With the exception of the protractor, tape and metric ruler all the other items can be purchased from the local RadioShack retailer or from a hobby shop also, a Tri-fold cardboard display board can be purchased from an art & crafts supply store.

An inexpensive photovoltaic or solar cell can also be ordered online from Educational Innovations, and a multimeter is available from Science in a Bag or RadioShack.

  • What materials are required?
  • Where can the materials be found?

Experimental Procedure

Data Table 1

Photovoltaic cell area. Angle of fastest motor speed cm2
Voltage across the resistor
Current in the circuit

Voltage X current

= watts/cm

Area

Power Output Watts/cm2

Power Output Watts/meter2

Data Table

Photovoltaic cell efficiency %
  1. Gather the following materials: photovoltaic cell, electric motor with fan, wires, cardboard sheet, multimeter, protractor, 5 ohm resistor, tape, and metric ruler.
  2. Measure the length and width of the photovoltaic cell (do not include the base) and calculate the area using the following formula: Area = width x length. Record this value.
  3. Place the photovoltaic cell, electric motor with fan on the piece of cardboard and secure using tape as shown. Use the wire to make the connections.
  4. Bring the setup outside into direct sunlight.
  5. Set the board on level ground and hold it so that the Sun casts no shadow over it.
  6. Vary the angle of the electric circuit board by tipping one end of it up or down and observe what happens to the speed of the fan at different angles.
  7. Readjust the angle of the electric circuit board until the fan’s speed is the fastest. Record the angle using the protractor.
  8. Replace the motor-fan with a 5 ohm resistor and connect the circuit as shown.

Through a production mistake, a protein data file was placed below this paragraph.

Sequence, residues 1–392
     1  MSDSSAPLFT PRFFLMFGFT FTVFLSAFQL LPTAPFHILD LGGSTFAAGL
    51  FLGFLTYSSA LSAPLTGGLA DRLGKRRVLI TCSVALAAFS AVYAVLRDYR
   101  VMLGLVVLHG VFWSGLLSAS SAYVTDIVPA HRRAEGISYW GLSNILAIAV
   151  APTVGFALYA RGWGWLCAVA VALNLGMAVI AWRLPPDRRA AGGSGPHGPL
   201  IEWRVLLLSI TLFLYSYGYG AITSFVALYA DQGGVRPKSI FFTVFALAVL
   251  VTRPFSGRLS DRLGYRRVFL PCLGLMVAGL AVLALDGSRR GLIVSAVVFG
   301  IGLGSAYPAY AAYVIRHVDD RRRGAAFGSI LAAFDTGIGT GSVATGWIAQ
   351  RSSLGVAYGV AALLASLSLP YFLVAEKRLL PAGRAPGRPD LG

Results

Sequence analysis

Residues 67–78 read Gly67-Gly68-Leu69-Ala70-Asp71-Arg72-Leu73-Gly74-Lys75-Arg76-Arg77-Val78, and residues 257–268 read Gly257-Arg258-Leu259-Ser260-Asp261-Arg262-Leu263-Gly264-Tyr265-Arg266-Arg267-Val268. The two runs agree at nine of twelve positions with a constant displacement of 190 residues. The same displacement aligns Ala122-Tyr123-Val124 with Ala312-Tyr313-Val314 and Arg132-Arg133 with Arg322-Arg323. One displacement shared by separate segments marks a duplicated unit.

9. Use the multimeter to measure voltage across the resistor.
  10. Record the voltage.
  11. Disconnect the circuit at point A and connect the multimeter and measure current in the circuit.
  12. To determine how much of the energy that is reaching the photovoltaic cell is being converted into power use the following formula:
  13. Record the results.
  14. Then multiply the results by 10,000 to convert the value to watts/meter2
  15. The following values are estimates for how much energy reaches Earth surface on a sunny day, according to the time of year
    • 1000 watts/m2 on a sunny summer day
    • 900 watts/m2 on a sunny autumn or spring day
    • 700 watts/m2 on a sunny winter day
  16. Depending on the time of year, one of the values above is the power input from the sun that is converted into electrical energy by the photovoltaic cell.
  17. Use the formula to calculate the efficiency of photovoltaic cell.
  18. Record the results.

Terms/Concepts: Photovoltaic cell; solar cell; solar constant; area; voltage; current; electricity; power output; Earth’s atmosphere; “Watt”

References:

References to related books

Title: Practical Photovoltaics: Electricity from Solar Cells

Author: Richard J. Komp

Publisher: Aatec Publications ISBN-10: 093794811X and ISBN-13: 978-0937948118

This book presents in clear, concise, and understandable style comprehensive information about solar electricity. The book offers a unique combination of technical discussion and practical advice. A well-illustrated appendix offers step-by-step instructions for constructing a solar module. The young investigator and his or her parents (teachers) can use this book as a general reference resource.

Links to related sites on the web

Title: How do Photovoltaics Work?

URL: http://science.nasa.gov/science-news/science-at-nasa/2002/solarcells/

Title: Photovoltaic (solar cell) Systems

URL:http://www.renewableenergyworld.com/rea/tech/solarpv

Title:Future Students - What are Photovoltaic Devices

URL: http://www.pv.unsw.edu.au/future-students/pv-devices/how-they-work.asp

NOTE: The Internet is dynamic; websites cited are subject to change without warning or notice!

Mike Calhoun is a consultant for the National Science Teachers Association, a veteran science teacher, and hosts an online science website. Over the years Mike has studied trends in science, education, and finance, conducting research, developing programs, and writing articles on these topics.